How do nerve cells become overly active in brains with high levels of disease-related tau protein?
Steven Boggess, Ph.D.
University of California, San Francisco
San Francisco, CA - United States
A growing number of studies suggest that brain cells can become overly excited in Alzheimer's. This toxic process, known as excitotoxicity, can overstimulate nerve cells and synapses (specialized structures that nerve cells use to send signals to one another to communicate). Excitotoxicity can also lead to cognitive decline and nerve cell death. According to current research, areas of the brain that experience excitotoxicity also have build-up of abnormal tau. This protein is known to form tangles that are a hallmark of Alzheimer’s and other tau-related diseases (or tauopathies). Although tau appears to play a role in excitotoxicity, scientists do not yet understand the nature of this role or its underlying mechanisms.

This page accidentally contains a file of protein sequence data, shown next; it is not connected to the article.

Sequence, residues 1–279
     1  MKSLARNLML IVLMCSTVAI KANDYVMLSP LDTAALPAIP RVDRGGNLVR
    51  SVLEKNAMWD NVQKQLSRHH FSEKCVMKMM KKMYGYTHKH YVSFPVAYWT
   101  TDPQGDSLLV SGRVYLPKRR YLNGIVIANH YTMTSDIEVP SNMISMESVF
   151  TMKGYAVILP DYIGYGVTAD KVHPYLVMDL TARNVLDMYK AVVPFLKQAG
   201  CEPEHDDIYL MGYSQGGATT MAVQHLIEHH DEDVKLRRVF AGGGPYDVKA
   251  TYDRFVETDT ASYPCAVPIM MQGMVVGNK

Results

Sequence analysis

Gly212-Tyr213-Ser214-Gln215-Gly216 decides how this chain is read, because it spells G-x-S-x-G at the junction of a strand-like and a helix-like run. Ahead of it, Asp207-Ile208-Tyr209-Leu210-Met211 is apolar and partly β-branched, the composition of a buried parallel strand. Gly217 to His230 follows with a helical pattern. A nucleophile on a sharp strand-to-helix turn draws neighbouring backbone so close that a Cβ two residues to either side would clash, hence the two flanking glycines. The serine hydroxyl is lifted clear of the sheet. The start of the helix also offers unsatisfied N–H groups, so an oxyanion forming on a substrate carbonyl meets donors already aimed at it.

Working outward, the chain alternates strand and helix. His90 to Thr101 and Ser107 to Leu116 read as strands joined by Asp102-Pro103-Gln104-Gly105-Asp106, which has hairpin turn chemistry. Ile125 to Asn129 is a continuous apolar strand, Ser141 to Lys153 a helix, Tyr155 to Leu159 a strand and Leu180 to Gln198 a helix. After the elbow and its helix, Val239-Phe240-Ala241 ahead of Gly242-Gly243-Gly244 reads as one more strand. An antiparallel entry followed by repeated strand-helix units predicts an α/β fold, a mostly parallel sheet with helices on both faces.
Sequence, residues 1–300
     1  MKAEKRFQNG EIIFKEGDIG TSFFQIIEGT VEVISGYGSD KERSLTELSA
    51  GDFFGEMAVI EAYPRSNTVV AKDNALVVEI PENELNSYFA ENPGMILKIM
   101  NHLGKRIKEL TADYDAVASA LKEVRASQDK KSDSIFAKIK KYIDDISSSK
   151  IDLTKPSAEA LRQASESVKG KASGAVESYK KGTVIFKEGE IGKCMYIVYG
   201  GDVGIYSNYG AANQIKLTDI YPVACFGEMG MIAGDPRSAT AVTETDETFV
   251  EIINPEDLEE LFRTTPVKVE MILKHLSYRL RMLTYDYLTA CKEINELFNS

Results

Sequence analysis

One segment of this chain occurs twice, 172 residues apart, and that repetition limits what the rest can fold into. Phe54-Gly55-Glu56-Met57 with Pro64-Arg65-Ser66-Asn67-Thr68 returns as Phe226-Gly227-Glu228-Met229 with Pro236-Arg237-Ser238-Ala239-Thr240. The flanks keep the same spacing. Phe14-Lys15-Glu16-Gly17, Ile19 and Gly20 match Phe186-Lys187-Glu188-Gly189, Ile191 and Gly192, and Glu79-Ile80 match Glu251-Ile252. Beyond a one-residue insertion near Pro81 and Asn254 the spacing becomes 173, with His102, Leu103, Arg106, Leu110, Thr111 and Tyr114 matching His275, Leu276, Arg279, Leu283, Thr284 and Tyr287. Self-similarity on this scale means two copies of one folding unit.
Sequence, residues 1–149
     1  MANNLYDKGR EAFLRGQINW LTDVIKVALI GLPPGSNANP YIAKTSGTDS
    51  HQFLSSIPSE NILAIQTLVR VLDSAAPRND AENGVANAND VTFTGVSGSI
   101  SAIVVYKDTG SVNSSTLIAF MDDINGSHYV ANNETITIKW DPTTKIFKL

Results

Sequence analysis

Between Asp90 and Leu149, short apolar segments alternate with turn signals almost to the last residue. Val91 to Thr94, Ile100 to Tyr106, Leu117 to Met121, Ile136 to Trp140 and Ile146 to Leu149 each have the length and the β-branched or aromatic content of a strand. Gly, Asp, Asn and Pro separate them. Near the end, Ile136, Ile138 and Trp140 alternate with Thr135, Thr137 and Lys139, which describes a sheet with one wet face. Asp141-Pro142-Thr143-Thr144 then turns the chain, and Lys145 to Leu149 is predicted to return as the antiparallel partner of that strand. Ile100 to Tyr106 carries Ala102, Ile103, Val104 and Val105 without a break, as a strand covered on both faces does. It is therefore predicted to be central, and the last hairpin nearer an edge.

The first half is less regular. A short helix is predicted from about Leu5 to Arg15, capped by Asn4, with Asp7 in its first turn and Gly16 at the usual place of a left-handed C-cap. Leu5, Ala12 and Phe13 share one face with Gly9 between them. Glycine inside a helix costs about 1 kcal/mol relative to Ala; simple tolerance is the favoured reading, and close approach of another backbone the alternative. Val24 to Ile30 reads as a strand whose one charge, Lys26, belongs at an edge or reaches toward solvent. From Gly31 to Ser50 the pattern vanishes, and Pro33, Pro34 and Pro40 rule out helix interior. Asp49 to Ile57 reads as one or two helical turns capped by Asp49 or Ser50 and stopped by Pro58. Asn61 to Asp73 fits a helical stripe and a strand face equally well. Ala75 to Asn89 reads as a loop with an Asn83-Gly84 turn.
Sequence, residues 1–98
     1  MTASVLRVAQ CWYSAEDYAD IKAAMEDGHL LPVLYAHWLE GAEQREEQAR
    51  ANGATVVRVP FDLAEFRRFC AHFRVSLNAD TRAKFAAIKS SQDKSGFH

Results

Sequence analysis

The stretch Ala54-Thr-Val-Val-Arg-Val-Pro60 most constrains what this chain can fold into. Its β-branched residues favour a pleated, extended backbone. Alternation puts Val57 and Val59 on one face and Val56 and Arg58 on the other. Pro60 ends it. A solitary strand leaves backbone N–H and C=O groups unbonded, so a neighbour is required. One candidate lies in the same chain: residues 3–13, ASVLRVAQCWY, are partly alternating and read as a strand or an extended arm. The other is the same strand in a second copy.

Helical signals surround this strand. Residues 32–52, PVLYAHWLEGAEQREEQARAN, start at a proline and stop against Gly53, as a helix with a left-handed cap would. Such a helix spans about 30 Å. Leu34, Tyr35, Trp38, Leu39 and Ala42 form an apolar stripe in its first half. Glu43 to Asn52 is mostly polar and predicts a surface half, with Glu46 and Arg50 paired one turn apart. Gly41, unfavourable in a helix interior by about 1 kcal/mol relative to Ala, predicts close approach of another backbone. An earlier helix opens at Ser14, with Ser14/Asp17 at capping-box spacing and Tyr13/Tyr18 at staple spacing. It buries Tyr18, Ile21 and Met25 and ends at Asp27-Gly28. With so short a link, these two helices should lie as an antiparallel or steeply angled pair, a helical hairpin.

In initial research, Dr. Steven Boggess and colleagues measured excitotoxicity in nerve cells derived from iPSCs (induced Pluripotent Stem Cells). iPSCs are specialized stem cells engineered from adult human tissue and then reprogrammed into any type of cell in the human body, including nerve cells. The research team found that iPSC neurons with a disease-related tau variation (called V337M) had higher activity levels than cells without this variation. The team then identified a gene called NSD1 that appears to regulate tau to either promote or prevent excitotoxicity.
Dr. Boggess and colleagues will now conduct a larger study to assess how NSD1 impacts the distribution and levels of tau in iPSC neurons with and without the V337M tau variation. They will then examine whether NSD1’s ability to regulate tau becomes impaired in tauopathies and leads to nerve cell excitotoxicity. As part of this experiment, the team will genetically analyze the nerve cells to find other genes that may work with NSD1 to promote abnormal tau build-up and nerve cell dysfunction. Next, they will look for other genetic mechanisms underlying the association of tau and excitotoxicity – including mechanisms that impact synapses.
Results from this project could improve our understanding of tau’s role in cognitive decline and brain disease. They could also identify new genetic targets that prevent disease-related alterations in nerve cell activity and slow disease progression.
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